Phenotypic screens with model organisms

G.N. Wheeler, R.A. Field, M.L. Tomlinson

Research output: Chapter in Book/Report/Conference proceedingChapterpeer-review


Chemical genetics (see this book and [1]) for an extensive review) offers a complementary approach to loss-of-function mutations in the analysis of complex, multicomponent biological processes. Large-scale mutagenesis screens using genetic model systems have been used very successfully for many years in identifying genes involved in developmental and physiological events. However, such screens are expensive and time consuming. In addition, with respect to later development and organogenesis, these screens can be limited in scope. During embryonic development, many patterning and signaling systems are used multiple times [2-4]. Thus, if an embryo is disrupted at an early time point because of a mutation, later events using the same pathway become difficult to study. Such mutagenesis screens therefore do not allow for the finer temporal control of protein function. The ability to have temporal control over compound addition and thus the modulation of protein function provides a more focused approach to phenotypic assays. This also means that chemical genomic screens are applicable to maternal proteins, which many traditional mutagenesis screens are not, significantly extending the opportunity to identify key endogenous players in biological processes. In this chapter, we focus on some of the multicellular organisms commonly used for chemical genomic screens, including plants, worm (Caenorhabditis elegans), fruit fly (Drosophila melanogaster), fish (zebrafish), and frog (Xenopus). Table 10.1 shows some of the general advantages and disadvantages of commonly used model organisms. With respect to chemical genetics, which requires high-throughput screening (HTS), organisms producing large numbers of embryos are essential, so chick and mouse are not suitable for such screens. However, because of the conservation of protein sequence and especially protein structure between species, small molecules identified in screens in one species can be tested in another species, with the reasonable expectation that the compound will interact with a similar protein. Thus, molecules identified in screens can be tested in higher organisms such as mouse and chick as well as in other systems such as cell-based assays using human cells. In the case of plants, compounds identified in Arabidopsis spp. Can then be tested in other species such as crops. Another advantage is that, in many cases, compounds that are toxic will have been screened out before testing in higher organisms. © Cambridge University Press 2012.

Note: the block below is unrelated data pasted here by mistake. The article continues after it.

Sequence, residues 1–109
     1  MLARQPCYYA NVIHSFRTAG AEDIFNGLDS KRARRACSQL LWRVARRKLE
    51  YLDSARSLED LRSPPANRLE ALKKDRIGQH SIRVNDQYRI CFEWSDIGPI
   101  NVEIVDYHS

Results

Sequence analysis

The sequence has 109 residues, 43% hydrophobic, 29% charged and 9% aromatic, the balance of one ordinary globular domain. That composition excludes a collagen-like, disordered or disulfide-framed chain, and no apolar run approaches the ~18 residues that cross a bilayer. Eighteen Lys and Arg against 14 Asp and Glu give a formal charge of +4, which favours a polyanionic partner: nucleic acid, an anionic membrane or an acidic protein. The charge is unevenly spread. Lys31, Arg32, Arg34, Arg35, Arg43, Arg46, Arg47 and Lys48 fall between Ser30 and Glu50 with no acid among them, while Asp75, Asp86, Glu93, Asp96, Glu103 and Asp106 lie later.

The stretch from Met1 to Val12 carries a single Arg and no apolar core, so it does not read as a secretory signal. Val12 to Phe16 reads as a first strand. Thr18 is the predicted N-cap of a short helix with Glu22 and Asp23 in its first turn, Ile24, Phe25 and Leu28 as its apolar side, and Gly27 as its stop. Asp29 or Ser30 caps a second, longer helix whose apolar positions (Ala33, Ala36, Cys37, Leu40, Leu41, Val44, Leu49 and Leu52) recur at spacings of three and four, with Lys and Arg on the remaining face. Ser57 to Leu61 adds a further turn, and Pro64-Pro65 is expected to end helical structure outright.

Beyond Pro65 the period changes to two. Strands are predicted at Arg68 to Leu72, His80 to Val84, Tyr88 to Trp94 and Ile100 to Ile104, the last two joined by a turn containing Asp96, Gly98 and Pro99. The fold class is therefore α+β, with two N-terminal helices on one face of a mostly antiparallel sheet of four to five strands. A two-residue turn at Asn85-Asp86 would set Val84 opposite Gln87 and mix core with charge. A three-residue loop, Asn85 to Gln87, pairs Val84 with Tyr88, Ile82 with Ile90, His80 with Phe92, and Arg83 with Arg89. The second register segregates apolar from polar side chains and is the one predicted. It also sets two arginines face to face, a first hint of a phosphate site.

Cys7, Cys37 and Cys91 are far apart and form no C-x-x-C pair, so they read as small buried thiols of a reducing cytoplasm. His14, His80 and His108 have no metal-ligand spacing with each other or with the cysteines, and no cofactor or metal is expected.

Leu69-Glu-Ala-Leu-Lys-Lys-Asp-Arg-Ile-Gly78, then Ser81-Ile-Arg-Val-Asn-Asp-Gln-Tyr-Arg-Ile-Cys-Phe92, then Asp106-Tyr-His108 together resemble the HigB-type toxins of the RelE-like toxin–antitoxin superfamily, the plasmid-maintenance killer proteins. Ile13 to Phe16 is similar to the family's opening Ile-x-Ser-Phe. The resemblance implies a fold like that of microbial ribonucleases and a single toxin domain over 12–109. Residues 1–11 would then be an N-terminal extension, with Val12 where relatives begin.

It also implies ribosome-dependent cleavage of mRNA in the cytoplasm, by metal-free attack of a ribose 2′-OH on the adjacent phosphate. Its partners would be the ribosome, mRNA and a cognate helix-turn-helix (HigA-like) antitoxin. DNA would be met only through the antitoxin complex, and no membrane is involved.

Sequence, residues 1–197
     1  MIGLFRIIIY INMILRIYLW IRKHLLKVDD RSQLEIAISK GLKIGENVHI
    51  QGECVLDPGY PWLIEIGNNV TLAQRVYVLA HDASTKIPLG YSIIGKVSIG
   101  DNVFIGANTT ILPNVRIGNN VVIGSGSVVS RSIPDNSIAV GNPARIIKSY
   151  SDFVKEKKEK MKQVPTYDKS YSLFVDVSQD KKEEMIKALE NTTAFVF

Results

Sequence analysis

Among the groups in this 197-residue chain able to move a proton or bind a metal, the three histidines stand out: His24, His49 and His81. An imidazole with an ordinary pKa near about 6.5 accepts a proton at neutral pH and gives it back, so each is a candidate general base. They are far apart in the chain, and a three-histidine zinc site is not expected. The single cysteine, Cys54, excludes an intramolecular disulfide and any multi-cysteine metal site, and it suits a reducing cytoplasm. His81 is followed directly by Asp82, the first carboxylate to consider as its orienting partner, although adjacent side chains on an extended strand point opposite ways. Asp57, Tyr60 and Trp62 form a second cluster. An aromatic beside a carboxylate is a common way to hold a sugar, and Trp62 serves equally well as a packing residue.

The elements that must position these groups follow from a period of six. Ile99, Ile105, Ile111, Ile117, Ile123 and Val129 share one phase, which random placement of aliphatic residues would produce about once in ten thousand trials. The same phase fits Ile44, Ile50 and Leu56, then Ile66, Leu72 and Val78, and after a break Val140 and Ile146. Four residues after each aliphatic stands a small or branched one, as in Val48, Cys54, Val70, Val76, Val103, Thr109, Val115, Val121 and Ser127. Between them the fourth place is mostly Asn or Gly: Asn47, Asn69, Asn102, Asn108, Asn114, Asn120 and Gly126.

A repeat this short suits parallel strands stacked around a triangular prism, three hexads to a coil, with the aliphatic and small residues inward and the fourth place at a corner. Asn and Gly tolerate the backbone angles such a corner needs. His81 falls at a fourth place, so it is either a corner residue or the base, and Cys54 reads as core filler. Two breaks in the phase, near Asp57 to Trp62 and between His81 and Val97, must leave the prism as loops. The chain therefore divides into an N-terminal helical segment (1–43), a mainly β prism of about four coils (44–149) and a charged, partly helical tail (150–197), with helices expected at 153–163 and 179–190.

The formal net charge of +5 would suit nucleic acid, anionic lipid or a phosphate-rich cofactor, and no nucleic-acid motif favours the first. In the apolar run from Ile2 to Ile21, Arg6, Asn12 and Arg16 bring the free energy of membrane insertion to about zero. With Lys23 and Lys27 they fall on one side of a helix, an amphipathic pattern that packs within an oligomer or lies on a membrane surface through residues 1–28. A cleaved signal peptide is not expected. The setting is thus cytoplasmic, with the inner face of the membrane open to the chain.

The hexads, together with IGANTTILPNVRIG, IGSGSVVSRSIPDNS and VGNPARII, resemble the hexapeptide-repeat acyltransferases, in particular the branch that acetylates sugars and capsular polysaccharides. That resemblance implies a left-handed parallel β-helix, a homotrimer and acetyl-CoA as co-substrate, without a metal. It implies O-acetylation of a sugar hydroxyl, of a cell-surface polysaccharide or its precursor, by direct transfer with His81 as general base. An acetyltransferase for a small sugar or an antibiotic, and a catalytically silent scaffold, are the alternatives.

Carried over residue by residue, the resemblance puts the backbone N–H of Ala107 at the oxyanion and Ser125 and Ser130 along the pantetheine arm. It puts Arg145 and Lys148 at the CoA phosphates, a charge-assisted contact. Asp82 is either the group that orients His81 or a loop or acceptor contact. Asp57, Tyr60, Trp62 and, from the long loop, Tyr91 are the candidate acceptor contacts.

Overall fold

Original languageUndefined
Title of host publicationChemical Genomics
Number of pages16
Publication statusPublished - 2012

Research Beacons, Institutes and Platforms

  • Manchester Institute of Biotechnology

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